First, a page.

Wisconsin's wolf population grew slightly according to a report issued by the DNR.
Extensive monitoring efforts by more than 100 volunteer trackers and DNR staff suggest that Wisconsin's wolf population is stable while remaining ell above established population goals. Data collected during track surveys this past winter reveal an overwinter minimum wolf count of 914-978 wolves, similar to the 905-944 wolves detected during the prior year's count.
DNR biologist Jane Wiedenhoeft in Park Falls says the numbers are holding steady...
"...This year it increased by only one percent. Actually, I should mention that last year that was a slight decrease from the winter of 2016-2017...."
Wiedenhoeft says the wolf population had been increasing steadily since the early 1990s but appears to have stabilized over the last few years. She says tracking this past winter was both good and not so good because of the weather...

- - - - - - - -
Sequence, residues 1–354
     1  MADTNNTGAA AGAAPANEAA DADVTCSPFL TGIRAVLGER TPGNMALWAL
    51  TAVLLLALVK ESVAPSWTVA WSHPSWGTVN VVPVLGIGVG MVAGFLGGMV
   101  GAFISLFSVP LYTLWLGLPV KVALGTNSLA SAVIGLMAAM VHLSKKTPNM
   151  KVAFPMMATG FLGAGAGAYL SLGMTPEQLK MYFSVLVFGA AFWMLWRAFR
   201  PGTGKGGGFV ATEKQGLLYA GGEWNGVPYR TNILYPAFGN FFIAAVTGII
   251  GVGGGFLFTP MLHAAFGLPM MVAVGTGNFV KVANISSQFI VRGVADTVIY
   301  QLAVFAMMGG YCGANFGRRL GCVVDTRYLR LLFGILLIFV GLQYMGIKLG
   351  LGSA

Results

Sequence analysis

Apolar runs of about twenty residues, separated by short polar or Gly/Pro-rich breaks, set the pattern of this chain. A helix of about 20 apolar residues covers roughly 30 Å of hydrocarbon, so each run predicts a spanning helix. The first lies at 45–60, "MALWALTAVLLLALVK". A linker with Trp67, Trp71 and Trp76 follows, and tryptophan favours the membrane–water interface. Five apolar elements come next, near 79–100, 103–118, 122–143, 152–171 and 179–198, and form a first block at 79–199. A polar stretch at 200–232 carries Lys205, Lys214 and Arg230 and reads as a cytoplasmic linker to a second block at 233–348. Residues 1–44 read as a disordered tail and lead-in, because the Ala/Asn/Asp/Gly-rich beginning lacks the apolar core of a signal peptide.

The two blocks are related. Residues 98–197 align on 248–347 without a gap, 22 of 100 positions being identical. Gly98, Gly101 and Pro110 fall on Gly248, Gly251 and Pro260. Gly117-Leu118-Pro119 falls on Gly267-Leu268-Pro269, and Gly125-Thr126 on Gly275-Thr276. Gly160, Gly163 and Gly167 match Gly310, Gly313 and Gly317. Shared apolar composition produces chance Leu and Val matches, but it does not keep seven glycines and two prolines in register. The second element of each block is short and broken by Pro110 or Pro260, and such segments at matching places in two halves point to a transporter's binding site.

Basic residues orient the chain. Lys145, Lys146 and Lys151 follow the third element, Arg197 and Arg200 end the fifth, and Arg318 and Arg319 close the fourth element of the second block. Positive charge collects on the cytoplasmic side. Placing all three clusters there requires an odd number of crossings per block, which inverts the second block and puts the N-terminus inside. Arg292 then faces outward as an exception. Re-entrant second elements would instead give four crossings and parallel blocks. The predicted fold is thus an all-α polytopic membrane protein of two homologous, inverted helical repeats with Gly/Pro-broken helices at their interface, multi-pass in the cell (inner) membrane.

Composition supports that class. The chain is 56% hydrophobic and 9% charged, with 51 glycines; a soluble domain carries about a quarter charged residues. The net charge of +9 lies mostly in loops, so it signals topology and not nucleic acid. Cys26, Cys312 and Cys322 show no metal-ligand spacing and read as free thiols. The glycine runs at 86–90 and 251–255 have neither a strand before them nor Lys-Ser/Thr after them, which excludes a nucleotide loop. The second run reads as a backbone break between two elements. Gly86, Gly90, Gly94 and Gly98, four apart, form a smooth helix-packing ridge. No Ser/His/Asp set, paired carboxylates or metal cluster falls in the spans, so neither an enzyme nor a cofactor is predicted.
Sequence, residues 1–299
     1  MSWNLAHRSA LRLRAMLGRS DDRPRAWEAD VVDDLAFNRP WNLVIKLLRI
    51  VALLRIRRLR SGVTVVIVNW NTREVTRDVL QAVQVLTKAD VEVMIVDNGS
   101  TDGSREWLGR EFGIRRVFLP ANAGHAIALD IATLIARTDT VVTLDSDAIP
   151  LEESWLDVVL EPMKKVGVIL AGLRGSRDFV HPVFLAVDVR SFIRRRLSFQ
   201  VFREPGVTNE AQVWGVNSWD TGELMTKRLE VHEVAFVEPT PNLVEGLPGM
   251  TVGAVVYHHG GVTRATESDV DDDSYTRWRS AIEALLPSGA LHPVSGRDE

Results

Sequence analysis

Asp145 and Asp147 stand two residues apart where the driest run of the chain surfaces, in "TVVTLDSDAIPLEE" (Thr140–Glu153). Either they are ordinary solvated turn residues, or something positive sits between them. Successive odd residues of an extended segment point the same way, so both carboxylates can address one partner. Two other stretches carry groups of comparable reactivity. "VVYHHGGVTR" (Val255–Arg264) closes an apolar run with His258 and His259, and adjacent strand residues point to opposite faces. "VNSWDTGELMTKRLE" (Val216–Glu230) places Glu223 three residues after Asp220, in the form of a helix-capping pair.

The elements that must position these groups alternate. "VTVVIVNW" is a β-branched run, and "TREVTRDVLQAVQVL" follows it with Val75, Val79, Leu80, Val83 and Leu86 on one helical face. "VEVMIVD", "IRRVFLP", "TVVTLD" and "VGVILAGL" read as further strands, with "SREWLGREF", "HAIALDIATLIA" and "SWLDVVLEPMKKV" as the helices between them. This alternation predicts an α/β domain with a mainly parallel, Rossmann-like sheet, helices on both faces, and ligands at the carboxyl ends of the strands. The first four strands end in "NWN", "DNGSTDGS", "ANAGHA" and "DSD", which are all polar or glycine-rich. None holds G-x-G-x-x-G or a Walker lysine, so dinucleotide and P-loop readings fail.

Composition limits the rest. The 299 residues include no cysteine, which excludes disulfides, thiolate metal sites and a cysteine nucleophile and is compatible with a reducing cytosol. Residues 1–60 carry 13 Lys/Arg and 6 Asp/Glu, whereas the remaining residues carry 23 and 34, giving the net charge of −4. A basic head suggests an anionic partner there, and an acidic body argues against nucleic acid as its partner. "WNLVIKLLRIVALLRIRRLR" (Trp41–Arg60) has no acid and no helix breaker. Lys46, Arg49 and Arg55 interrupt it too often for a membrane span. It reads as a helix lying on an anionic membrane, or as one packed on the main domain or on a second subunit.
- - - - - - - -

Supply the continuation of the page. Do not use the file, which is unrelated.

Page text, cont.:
"...This winter was odd because we had fantastic conditions early in the year. Starting in November we had snow on the ground in northern Wisconsin and we had good snow conditions through December. Then in mid-January things got not so good..."
Wiedenhoeft says the more experienced trackers saw the good conditions early and the bulk of the reporting for this year's count came from those early reports. After the snow got deep in the north, less tracking was done.
She says most wolf pups have been born for this year.
The number of wolf packs detected during surveys increased slightly, from 238 packs last year to 243 this past winter.
More data on the count is on the DNR website by putting wolf count in the search box.